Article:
Colossal statue of Constantine: head, hand, foot, Palazzo dei Conservatori

315-330 C. E.
marble, head: 8 ½' H

These marble fragments are from a colossal seated statue of Constantine, about 30 feet high. The body was made of less valuable materials, while the exposed parts (head, hands, feet) were made of marble. Like the colossal statues of gods placed in Greek temples, this statue of the Emperor was originally placed in the west apse (apse of the short end) of the Basilica Nova of Maxentius and Constantine in the Roman Forum. Jas Elsner notes that this work broke with the earlier precedent of depicting the authoritarian figure with a beard. (See, for example, the group sculpture of the Tetrarchs where only the younger "caesars" are beardless. He adds that earlier portraits of Constantine did depict him with a cropped beard; here he is beardless, the "archetypal Roman general of the distant imperial past, a new Augustus, a new Trajan" (61). Stylistically, this image still has some elements of individualistic portraiture (the hooked nose, for example); at the same time it illustrates the trends in late Roman works to focus on symbolic and abstracted elements: the "image" of authority or the "image" of spirituality, as indicated by the large otherworldly eyes.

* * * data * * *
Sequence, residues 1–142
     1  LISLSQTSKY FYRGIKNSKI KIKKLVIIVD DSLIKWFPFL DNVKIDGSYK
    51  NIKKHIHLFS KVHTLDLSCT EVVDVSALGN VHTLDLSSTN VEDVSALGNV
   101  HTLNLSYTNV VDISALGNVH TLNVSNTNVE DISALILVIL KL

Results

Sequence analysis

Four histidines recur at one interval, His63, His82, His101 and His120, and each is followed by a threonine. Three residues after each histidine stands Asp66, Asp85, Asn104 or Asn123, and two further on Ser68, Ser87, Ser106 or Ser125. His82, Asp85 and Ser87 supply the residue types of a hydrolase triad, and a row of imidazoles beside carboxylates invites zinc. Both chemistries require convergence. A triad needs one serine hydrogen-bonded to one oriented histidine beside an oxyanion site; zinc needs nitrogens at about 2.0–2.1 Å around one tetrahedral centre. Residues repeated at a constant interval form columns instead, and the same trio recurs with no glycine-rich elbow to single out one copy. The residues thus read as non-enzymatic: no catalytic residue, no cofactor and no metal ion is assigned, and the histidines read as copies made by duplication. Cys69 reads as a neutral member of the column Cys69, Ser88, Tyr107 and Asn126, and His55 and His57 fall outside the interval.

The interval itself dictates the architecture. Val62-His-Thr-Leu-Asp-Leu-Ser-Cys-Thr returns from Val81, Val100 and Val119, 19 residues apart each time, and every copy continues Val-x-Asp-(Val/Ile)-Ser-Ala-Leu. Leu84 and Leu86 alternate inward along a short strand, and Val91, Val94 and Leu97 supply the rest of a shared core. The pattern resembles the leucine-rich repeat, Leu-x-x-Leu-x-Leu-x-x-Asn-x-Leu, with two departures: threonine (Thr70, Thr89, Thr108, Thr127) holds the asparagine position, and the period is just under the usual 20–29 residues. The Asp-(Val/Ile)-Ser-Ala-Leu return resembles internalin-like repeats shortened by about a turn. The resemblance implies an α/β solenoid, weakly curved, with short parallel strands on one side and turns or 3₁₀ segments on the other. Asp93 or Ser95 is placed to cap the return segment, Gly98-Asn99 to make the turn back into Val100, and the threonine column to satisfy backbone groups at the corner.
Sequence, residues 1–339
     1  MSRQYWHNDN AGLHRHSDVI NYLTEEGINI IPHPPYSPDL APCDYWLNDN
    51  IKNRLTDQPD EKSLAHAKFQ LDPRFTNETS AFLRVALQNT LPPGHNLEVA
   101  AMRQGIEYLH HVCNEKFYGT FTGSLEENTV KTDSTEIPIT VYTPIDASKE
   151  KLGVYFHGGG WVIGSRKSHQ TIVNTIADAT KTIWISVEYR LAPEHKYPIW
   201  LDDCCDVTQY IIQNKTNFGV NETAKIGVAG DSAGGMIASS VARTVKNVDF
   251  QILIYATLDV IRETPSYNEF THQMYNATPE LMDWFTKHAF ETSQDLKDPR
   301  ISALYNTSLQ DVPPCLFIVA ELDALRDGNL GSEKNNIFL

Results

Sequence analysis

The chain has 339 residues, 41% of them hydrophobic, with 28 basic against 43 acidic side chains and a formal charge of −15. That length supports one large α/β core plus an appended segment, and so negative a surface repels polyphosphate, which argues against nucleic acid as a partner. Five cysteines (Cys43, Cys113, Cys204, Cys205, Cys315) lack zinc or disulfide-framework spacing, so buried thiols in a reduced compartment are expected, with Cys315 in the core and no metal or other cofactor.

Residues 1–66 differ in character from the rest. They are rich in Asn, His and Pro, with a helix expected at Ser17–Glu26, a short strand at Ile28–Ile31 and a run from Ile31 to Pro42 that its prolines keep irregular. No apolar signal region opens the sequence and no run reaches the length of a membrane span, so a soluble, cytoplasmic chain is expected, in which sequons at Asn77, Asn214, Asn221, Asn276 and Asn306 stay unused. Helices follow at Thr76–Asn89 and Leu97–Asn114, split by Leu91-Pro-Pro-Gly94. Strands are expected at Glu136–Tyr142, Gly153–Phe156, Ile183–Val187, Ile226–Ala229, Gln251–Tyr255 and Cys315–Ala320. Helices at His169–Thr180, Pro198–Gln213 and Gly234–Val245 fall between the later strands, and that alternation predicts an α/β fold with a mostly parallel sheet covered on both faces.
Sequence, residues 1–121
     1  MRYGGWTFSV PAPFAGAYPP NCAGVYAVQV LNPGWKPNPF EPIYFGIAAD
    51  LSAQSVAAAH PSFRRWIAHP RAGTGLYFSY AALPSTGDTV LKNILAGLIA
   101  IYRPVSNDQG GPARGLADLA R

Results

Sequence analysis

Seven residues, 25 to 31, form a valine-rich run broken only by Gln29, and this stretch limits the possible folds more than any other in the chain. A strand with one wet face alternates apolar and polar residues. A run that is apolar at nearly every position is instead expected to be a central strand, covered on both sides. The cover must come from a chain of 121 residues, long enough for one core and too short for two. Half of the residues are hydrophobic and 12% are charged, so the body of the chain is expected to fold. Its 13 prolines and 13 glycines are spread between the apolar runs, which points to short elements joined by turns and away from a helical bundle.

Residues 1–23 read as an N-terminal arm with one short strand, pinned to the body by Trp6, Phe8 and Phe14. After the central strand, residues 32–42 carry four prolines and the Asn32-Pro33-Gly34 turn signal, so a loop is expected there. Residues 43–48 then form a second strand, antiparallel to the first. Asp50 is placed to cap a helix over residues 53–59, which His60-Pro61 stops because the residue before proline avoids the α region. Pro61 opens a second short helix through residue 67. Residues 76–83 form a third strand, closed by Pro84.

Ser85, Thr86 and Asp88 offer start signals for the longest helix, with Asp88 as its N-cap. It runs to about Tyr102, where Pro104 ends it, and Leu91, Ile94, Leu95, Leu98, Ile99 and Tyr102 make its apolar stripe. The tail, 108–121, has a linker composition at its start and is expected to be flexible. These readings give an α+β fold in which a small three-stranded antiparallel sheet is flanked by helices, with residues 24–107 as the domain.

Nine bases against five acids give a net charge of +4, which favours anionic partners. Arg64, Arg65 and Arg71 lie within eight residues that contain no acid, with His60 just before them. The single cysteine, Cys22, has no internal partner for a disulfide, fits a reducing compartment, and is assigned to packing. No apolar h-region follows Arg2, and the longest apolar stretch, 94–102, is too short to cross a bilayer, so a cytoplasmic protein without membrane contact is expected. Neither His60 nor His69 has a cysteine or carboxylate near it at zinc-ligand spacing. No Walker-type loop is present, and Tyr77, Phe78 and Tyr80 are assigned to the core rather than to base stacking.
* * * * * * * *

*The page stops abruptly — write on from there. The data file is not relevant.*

The hand; the foot--the disrespectful art historian (5' 8½") gives a sense of scale

Work Cited: Elsner, Jas. Imperial Rome and the Christian Triumph: The Art of the Roman Empire AD 100-450. Oxford: Oxford UP, 1998.

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